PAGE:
It's difficult to deal with homophobic strangers, but it can be even more difficult dealing with relatives who reject homosexuality. These "loved ones" should love you no matter what and not judge you based on your sexual preferences. Even though that's the way it should be, it's not always the way it is. Since you can't change the way people feel, the only thing you can do is change the way you feel and the way you react in response to what they do by learning how to understand your relatives' homophobia and what to do to make family relations much more bearable.
Tips for Dealing with Homophobic Families
Whether you are gay, straight, or bisexual, you may find homophobia in your family to be confronting. Consider these ideas for responding to and dealing with family members who do not understand sexuality beyond traditional male/female couples.
Tips for Everyone
Almost everyone has at least one relative, immediate or distant, who has some form of prejudice, whether it comes in the form of racism, sexism or homophobia. When your family doesn't share your beliefs, it can be frustrating and complicated. Listening to people you love say things that make you angry can be hard. However, you don't have to sit silently when a relative says offensive things.
- Remain calm and patient, even in the face of hurtful insults and name-calling.
- Remind yourself that homophobia is typically based on lack of knowledge on the topic, and that your relatives are only repeating stereotypes and opinions they have been exposed to in their environment. This is especially true if you were raised in a conservative or religious family.
- Educate yourself on why someone may be homophobic. For example, some people have never knowingly had a friendship with a gay person and simply do not understand homosexuality, while others may be secretly ashamed of their own homosexual desires. In families where one or more person is homosexual, sibling rivalry may play a role.
- Be realistic and realize that homophobia will not disappear overnight, or in one conversation.
- Use logic, statistics and facts when defending gay rights. For example, if you believe that same-sex marriage should be legal, visit pro-gay marriage websites that have information about the issue, such as Why Marriage Matters or Marriage Equality USA.
- Join an online group that supports gay rights and offers friendly support and advice for people who are dealing with homophobic families. Some examples include GLAAD (Gay and Lesbians Alliance Against Defamation) and The Trevor Project.
- Check out a support website with your family such as PFLAG (Parents, Families & Friends of Lesbians and Gays) for information and ways to understand each other.
Tips for Gays, Lesbians and Bisexuals
If you are gay, lesbian or bisexual and your family members have trouble with your sexual orientation, or even flat out reject you, there are many ways to deal with the conflict. You don't have to put up with any kind of abuse.
- Remind yourself that you are not alone, and that the problem is with the homophobic family member, not you. It is not your fault that your relative doesn't understand you.
- Remain hopeful that the homophobic attitude will change after your relative has had time to get used to the out-of-the-closet you. Some family members really aren't homophobic deep down, they just don't know what to say or how to say it, and comments may come out awkwardly.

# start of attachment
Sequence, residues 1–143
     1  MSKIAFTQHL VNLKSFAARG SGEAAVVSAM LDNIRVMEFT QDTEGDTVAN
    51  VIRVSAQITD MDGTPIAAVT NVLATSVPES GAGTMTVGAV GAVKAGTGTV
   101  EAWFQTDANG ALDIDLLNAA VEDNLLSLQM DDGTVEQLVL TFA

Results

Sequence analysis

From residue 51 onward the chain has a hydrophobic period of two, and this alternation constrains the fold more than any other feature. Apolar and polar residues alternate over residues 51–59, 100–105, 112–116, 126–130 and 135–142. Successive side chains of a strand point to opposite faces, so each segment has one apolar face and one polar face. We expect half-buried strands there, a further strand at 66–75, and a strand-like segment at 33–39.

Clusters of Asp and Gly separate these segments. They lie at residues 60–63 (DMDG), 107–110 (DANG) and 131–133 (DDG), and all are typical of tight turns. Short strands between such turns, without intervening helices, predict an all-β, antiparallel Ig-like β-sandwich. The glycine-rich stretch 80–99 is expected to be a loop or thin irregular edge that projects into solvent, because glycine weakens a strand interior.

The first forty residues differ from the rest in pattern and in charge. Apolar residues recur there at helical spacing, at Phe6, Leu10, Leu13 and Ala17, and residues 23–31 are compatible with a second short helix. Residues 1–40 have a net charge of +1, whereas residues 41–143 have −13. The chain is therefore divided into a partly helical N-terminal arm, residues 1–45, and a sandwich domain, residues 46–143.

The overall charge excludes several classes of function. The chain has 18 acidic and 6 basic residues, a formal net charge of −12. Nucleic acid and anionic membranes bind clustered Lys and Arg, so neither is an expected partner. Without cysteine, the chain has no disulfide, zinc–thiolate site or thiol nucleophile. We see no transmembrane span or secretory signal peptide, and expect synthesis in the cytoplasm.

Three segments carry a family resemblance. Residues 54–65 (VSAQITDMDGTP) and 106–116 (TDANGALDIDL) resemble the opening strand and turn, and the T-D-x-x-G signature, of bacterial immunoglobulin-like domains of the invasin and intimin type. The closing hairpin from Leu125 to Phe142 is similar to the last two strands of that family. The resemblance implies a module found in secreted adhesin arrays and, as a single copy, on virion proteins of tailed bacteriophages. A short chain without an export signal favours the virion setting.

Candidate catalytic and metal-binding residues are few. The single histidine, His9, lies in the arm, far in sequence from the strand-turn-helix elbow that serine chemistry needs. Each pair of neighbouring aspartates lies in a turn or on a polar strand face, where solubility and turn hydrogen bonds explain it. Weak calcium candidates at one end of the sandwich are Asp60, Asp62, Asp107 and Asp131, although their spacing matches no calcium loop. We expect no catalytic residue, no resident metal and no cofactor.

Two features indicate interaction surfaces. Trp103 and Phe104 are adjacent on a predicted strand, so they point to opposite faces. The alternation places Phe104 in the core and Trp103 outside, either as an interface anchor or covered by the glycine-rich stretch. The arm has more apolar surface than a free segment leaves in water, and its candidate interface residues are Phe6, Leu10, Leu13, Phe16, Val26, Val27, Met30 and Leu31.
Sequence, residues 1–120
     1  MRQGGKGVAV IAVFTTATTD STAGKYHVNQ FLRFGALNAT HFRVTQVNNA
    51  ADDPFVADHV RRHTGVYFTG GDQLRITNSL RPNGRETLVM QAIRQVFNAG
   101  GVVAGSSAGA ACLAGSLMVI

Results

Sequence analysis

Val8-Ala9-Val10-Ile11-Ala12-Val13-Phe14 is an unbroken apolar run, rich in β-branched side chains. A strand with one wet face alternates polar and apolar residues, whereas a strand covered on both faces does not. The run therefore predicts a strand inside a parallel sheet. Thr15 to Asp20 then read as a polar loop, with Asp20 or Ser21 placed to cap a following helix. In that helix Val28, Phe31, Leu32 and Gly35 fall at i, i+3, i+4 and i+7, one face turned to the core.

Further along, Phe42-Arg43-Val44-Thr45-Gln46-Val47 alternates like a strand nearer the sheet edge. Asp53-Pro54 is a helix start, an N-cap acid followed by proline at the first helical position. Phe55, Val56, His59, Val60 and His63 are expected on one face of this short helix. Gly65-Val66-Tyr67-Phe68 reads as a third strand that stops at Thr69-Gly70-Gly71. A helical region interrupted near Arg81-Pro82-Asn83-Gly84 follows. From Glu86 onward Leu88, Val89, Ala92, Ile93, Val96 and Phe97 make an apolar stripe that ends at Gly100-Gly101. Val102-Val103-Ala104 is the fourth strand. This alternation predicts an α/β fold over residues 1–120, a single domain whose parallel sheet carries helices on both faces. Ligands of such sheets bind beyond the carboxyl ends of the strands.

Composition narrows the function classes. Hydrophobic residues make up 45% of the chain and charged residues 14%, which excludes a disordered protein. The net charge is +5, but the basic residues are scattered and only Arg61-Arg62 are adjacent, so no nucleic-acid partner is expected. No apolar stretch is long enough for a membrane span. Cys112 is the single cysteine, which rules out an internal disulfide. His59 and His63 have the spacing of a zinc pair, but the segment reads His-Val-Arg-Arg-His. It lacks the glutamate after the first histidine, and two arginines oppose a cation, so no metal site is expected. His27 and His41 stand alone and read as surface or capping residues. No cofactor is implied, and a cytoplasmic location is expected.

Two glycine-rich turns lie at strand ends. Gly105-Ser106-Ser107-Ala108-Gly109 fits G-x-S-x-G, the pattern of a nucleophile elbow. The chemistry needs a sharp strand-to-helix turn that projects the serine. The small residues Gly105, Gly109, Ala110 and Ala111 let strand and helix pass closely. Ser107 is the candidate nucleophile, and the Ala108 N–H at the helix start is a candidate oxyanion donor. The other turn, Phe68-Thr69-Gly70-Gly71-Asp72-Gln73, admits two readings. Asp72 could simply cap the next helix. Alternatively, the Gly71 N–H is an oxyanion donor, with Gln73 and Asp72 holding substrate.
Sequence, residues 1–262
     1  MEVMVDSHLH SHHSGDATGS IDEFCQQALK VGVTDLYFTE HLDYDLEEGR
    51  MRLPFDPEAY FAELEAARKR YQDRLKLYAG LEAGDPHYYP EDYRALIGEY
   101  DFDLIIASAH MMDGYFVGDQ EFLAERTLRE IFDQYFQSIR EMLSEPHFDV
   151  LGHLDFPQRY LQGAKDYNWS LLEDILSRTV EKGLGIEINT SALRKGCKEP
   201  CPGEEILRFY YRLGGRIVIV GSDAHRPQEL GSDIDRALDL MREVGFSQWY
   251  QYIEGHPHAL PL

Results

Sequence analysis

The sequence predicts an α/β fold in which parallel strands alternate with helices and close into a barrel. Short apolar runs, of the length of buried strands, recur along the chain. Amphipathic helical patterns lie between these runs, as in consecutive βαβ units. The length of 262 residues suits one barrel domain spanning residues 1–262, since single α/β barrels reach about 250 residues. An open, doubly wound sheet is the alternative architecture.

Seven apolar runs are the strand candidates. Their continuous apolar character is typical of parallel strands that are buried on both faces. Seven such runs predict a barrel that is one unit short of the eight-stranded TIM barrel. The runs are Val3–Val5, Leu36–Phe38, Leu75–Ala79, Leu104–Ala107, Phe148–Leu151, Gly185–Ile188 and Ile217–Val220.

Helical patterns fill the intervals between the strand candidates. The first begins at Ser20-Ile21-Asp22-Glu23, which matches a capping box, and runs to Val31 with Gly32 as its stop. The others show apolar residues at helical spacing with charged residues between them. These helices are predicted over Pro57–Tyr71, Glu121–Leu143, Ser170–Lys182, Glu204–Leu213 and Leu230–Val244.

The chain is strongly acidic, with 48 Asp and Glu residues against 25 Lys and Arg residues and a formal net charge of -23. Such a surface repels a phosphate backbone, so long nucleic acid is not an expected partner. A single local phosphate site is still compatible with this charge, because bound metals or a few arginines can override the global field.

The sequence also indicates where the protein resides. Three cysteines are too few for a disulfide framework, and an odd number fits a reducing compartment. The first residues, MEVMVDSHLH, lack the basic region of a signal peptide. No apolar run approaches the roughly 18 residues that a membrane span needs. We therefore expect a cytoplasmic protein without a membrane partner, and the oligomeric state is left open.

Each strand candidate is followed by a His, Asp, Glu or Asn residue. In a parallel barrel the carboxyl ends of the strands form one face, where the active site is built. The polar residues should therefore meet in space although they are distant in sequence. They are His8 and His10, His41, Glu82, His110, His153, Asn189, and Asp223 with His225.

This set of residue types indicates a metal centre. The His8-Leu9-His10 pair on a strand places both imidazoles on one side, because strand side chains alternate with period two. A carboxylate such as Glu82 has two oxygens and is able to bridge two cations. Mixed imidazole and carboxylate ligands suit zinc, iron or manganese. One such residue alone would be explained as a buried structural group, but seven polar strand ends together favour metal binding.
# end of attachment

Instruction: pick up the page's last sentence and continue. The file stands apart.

- Stand up for yourself and be honest. If someone says something offensive, correct him politely with a joke. For example, some people really believe that all gay men love to decorate or are cross-dressers. Help these individuals learn that stereotypes aren't always accurate.
- Turn down family-event invitations, such as holidays or weddings, if your partner is not invited. If a family member introduces your girlfriend as "a friend," correct him and say, "You mean my partner (or girlfriend)."
- Spend time with loving, open-minded family members during holidays or celebrations. For example, you, your brother and your cousin can start a new Thanksgiving tradition this year if you're not welcomed at the extended-family event. You may even have a better time than usual, as you can try new recipes, splurge on more expensive wine, and have a pleasant, drama-free family holiday.
Dealing With Rejection and Abuse
Unfortunately, some people are in homophobic families that will never change. In fact, some of these family members physically or emotionally abuse their gay relatives. Many parents even kick out their teenage son or daughter for simply coming out. In addition to following general advice for dealing with difficult family members, take these additional steps:
- Seek counseling to deal with the pain associated with not receiving unconditional love from your family.
- Ask extended relatives if you can stay with them if you get kicked out of your own home.
- Report any type of physical abuse to local law enforcement authorities. There are hate crime laws in place for this purpose.
- According to the Ali Forney Center, 25% of teens are rejected by their families and many of them end up homeless because of it. The Ali Forney Center has set up an enviornment for the LGBT (lesbian, gay, bisexual and transexual) homeless community to give them support and safety. You can learn more about it in this short video:
Moving Past Homophobia
Living with or being related to homophobic family members can be a challenging situation. Your home is supposed to be a refuge from the hostile, outside world, and it is painful when you realize that family members are so different than you. Whether they reject you or learn to accept the real you, remember that the most important thing is that you live your life freely and that you stay true to yourself.